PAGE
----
The lush tobacco growing region of Viñales, a 2½ hour drive west of Havana in the north-central Pinar del Rio Province is chilled, slow and full of rustic charm. It draws visitors in like the promise of a go-slow detox treatment after the mother of all Cuban nights out.
Your shoulders drop from the moment you clap eyes on the wonderful limestone monolith scenery, surrounded by plantation-style houses and the mojito-slow pace of life.
The landscape is dramatic, with grandstanding mountain views and dark fertile fields. Moving at the pace of an old western film, life takes on a gentleness that is matched by the friendly local welcome and convivial front-of-house porch chat. The scene is dominated by rocking chairs, bright colours and an all-hours open-door sense of community.
When I stayed there with my family over the New Year period, the pace hardly quickened. Locals gently celebrated from house to house, carrying homemade cuisine and favoured thirst-quenchers with a swell of excitement peaking in the centre of the three street town, to let off a few fireworks and babble over the local communist party speeches at midnight.
The drama of Viñales Valley unfolds the moment you walk, cycle or drive out into the surrounding countryside. Understandably listed as one of UNESCO’s World Heritage sites, the region is surrounded by mountains with 300m cliffs overlooking the neighbouring tobacco fields and farming homesteads. Adding to the charm are the traditional farming methods, which appear to have altered little over the years, with tobacco drying shacks and racks dotting the countryside as farmers shuttle to and fro on horseback, elderly tractors and in the obligatory classic Cuban cars.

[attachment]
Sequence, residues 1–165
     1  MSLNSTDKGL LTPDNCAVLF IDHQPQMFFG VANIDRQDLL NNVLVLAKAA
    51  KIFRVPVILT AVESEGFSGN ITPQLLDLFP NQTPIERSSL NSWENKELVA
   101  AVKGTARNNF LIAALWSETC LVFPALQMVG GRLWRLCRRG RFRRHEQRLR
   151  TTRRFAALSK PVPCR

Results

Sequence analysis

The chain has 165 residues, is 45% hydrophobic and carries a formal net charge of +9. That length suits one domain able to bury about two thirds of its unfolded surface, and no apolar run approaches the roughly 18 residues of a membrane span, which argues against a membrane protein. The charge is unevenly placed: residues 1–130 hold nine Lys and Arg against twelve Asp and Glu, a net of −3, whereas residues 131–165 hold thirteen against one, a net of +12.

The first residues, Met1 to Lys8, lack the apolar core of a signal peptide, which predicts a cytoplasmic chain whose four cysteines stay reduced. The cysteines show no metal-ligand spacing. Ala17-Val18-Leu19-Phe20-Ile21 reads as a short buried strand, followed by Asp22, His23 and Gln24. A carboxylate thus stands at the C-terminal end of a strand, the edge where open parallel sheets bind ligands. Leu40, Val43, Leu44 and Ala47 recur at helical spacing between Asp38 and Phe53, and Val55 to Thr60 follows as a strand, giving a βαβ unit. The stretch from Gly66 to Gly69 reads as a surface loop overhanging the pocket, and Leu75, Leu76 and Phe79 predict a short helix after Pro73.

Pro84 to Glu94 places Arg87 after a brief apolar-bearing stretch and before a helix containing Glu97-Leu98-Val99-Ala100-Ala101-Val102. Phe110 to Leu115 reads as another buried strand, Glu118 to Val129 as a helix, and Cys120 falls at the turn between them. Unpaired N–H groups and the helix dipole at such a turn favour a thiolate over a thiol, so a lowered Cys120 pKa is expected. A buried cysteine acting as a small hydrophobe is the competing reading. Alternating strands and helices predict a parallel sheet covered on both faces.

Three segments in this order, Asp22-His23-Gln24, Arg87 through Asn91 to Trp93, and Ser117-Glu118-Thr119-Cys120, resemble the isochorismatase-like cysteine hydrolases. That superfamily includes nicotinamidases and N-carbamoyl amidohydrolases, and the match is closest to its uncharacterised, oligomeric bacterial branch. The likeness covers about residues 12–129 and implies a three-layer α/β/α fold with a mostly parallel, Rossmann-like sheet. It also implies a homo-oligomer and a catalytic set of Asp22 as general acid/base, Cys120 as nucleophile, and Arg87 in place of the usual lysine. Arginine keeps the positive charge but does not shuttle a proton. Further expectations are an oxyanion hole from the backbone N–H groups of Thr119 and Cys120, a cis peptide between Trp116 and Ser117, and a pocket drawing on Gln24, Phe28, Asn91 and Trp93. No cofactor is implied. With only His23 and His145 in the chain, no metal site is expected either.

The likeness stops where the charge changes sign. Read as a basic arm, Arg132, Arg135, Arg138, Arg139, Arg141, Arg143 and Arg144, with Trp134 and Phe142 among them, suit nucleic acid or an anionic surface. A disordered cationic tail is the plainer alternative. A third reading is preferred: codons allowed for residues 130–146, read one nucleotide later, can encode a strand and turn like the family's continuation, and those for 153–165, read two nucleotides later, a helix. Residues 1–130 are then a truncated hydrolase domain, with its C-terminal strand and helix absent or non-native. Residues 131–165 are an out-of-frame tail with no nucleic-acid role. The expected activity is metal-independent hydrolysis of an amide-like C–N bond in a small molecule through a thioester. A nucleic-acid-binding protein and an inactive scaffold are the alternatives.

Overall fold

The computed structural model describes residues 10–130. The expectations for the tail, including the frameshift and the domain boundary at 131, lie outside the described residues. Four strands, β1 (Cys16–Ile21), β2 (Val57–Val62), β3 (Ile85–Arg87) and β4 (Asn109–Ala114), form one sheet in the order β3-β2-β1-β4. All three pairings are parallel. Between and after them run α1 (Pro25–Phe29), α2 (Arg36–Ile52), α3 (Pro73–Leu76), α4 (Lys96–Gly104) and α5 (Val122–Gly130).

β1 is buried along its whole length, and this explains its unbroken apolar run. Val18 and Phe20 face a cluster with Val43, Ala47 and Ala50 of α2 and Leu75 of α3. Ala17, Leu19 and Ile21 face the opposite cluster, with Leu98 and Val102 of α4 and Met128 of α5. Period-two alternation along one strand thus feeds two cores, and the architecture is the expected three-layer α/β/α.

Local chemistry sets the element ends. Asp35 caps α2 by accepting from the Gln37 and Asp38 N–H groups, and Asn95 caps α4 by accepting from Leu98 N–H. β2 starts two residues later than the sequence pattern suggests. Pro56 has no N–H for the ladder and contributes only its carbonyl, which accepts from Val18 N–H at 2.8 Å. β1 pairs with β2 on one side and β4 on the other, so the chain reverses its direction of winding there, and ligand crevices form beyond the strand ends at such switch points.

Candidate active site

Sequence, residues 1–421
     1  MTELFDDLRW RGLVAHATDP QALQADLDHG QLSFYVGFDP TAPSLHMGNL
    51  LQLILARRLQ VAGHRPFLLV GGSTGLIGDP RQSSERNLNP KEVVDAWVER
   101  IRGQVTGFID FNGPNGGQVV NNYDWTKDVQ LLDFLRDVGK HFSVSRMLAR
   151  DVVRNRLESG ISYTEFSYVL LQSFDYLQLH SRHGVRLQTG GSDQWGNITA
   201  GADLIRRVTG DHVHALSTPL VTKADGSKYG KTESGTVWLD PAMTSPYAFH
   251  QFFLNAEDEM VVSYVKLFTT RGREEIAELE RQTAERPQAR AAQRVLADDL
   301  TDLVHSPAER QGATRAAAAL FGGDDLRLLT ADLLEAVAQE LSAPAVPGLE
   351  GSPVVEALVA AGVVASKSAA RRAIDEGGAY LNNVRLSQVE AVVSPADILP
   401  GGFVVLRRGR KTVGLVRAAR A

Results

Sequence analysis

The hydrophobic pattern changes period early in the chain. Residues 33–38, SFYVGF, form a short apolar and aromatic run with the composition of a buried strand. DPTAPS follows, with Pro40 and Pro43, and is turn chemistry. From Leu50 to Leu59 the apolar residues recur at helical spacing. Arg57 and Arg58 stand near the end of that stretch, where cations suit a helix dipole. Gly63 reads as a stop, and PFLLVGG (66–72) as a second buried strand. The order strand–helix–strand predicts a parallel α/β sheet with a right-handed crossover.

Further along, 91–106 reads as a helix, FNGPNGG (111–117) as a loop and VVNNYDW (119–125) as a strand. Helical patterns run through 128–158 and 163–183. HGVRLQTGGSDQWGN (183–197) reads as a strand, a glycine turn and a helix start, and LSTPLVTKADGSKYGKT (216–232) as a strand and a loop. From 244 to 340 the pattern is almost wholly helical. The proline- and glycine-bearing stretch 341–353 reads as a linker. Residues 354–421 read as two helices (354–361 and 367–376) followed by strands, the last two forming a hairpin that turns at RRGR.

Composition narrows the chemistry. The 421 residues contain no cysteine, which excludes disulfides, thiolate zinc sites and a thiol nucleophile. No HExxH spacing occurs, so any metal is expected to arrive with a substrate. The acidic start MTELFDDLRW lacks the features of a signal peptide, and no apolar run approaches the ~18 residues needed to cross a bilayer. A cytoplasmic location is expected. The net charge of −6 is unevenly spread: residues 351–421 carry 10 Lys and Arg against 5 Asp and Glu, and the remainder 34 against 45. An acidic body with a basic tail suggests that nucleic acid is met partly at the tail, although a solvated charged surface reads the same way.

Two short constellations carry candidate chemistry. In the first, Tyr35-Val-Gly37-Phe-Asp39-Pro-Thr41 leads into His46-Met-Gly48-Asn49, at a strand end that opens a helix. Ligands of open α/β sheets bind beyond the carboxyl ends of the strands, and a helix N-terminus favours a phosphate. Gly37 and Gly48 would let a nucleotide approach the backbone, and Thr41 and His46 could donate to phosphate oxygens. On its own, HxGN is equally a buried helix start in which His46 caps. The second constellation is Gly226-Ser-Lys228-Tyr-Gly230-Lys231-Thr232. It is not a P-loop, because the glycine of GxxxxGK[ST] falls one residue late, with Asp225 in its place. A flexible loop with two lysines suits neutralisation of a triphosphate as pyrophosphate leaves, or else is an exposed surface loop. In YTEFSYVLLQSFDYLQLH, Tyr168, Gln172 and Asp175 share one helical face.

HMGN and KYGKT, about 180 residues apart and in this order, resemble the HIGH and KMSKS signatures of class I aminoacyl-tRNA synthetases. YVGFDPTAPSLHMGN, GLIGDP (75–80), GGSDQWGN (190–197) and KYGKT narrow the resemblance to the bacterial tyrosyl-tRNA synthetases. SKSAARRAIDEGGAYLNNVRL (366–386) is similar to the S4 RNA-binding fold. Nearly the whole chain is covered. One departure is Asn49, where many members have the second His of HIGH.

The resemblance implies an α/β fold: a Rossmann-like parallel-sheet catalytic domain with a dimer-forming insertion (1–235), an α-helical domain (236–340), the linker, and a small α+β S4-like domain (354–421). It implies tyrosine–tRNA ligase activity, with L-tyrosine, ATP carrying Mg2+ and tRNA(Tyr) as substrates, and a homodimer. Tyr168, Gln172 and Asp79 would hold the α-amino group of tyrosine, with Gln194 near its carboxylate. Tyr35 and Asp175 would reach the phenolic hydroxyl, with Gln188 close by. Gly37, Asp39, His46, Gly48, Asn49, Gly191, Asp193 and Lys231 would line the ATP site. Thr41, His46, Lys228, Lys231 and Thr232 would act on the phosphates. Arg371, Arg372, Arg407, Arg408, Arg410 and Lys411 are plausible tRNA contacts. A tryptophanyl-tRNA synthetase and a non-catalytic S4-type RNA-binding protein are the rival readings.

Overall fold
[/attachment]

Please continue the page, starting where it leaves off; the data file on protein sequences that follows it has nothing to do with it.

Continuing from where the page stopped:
The more you explore the more you find yourself swept up in the allure of this dramatic and handsome pocket of Caribbean island. Whether disappearing along an unmarked road to some secluded farm community, or climbing mountain high above the palm dominated croplands, the feeling of escape and remoteness is never far away.
It is not difficult to appreciate why the region has been popular with Cuban artists. Over the years they have reflected the unique Viñales culture created by its indigenous people, Spanish colonialists, African slaves and plantation history. With time visitors can also revel in the strong flavour of local music and performing arts and crafts.
The sensation of wandering through a living museum is never far away either. So with all things Cuba reputedly about to change, I urge you to seize the moment and visit one of the island’s most exciting and rewarding old-style destinations.
Whether in need of a detox or not.